Shelf Life

Urban Meyer on coaching football … and life

Kai Ryssdal and Tommy Andres Oct 28, 2015
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Shelf Life

Urban Meyer on coaching football … and life

Kai Ryssdal and Tommy Andres Oct 28, 2015
HTML EMBED:
COPY

Last year, the Ohio State Buckeyes won the College Football National Championship game. But it wasn’t the first win for Buckeyes coach Urban Meyer. A former defensive back at the University of Cincinnati, in his coaching career, Meyer has taken home three national championship trophies. And Meyer’s 142 to 26 win/loss ratio puts him at the top of the college football coach rankings.

Meyer thinks what he’s learned coaching college football applies elsewhere, too. In his new book, “Above the Line: Lessons in Leadership and Life From a Championship Season” Meyer applies the lessons he’s learned coaching the nation’s best student athletes — off the football field.

On the first thing he tells his players at the start of a new season:

It’s probably evolved over the years as I’ve grown as a coach and as a leader…. Any time you’re in a team sport — and I’m a little biased obviously — but football is the ultimate team sport. It’s hard to gain a yard without relying on each other. But that you have to play with a greater purpose, a greater cause. Something other than yourself. And that’s a message that they’ll hear continuously during their career at Ohio State.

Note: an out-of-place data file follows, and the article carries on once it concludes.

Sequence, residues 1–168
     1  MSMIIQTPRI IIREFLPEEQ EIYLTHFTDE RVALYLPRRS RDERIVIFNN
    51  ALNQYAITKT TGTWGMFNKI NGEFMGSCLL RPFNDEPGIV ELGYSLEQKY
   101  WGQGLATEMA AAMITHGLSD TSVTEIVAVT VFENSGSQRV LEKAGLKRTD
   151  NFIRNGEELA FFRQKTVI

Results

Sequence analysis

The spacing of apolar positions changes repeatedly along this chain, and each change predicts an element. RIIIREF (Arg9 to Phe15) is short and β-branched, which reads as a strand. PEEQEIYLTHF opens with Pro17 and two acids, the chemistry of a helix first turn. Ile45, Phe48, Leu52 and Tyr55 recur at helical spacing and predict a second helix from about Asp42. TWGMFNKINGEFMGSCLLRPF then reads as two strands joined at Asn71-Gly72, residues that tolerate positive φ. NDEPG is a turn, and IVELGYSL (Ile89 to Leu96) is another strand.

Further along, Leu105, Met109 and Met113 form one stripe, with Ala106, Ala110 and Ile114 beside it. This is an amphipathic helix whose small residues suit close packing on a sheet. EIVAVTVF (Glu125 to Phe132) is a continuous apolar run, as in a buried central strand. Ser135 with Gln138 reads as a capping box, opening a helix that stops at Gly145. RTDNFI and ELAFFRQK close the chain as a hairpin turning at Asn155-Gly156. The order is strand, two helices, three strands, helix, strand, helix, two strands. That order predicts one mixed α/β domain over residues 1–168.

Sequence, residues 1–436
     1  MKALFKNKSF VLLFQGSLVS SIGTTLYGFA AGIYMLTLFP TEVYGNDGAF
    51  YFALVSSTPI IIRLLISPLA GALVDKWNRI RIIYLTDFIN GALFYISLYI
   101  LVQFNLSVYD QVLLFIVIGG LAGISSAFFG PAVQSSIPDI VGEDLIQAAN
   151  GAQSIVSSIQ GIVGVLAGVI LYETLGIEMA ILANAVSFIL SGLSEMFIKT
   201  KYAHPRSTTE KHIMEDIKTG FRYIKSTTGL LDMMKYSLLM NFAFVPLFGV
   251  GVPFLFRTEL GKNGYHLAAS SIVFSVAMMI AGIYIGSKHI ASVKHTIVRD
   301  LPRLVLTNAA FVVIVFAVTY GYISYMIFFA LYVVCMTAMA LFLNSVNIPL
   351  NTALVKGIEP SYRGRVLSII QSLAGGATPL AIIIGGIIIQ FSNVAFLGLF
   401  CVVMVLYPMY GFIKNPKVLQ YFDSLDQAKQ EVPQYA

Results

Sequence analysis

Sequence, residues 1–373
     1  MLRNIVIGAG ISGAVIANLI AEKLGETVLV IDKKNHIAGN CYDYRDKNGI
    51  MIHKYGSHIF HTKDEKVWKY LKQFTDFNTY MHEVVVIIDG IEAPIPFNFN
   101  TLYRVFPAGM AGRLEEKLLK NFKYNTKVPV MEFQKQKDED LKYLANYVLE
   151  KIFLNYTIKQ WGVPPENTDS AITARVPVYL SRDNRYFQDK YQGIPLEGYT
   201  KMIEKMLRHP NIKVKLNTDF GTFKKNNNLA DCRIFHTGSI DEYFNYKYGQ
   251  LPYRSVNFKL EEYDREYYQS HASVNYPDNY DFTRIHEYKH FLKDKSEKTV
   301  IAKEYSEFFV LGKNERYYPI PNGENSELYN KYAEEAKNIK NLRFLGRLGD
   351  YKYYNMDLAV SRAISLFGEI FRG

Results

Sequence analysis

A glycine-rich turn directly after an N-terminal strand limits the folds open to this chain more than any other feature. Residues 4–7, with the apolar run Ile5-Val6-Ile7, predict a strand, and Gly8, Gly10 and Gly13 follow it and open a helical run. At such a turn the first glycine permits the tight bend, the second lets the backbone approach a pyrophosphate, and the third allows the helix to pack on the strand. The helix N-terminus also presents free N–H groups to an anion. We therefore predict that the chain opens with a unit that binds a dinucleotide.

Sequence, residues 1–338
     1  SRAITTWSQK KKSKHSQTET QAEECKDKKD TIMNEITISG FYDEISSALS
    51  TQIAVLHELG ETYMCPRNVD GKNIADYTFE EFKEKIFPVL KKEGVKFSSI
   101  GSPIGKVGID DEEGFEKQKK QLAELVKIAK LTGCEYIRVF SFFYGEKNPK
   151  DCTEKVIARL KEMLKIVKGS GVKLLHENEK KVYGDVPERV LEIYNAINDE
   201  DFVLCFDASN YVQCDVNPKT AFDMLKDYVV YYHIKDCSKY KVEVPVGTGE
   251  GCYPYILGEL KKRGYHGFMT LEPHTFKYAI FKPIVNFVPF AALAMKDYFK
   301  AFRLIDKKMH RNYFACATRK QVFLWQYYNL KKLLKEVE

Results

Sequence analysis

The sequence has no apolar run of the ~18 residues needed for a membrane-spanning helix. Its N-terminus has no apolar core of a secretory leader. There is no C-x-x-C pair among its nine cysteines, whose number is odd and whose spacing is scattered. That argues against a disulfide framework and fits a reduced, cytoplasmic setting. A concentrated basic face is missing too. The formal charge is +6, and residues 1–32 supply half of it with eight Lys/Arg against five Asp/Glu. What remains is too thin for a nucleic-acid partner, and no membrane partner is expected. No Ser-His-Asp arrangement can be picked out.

On what “above the line” means:

Well, there’s a line in every day. You’re either above it or below it. And it’s a choice you make, it’s a decision. Above the line is a choice to be intentional and on purpose. And below the line is impulsive and on autopilot. Whether that’s relationships, it’s work ethic, it’s practice, it’s how you handle your studies or during the course of a game, we all have decisions to make. And above the line, it’s a very clear line of demarcation. You’re either doing it in a positive way or you’re doing it in an impulsive, negative way.

On whether or not college players should get paid:

No. No, I don’t think we should pay players. I think we need to take care of them. I think what’s happened in the last two years — they now get a cost of living expense, they get a full scholarship. There are some elite guys that have an opportunity to do things with their own contracts. I just think that would take away the amateurism and what college sports are really all about.

Do football coaches’ in this country make too much money?

Oh, I think so, probably…. It is a hard question. I think there’s a lot that is expected of the coaches and it’s market driven. But sometimes, I don’t think about it often, but when you do, this is never something that you would have imagined.

On what he tells graduating seniors who aren’t going on to the NFL:

That the experience was invaluable. That they received an incredible degree. And that we have things in place now that we actually assist them in securing employment and jobs. Everyone comes to a place like Ohio State, Alabama and USC thinking they’re gonna go play football for 15 years and the majority do not. That experience helps you down the road. And you’re not being used by a university, and that’s a big thing we want to make sure is not going to happen.

On the tattoo he promised to get after winning it all last year:

Fifty-one-year-old men should not be getting tattoos. But I did make a promise so I’m going to follow through at some point.

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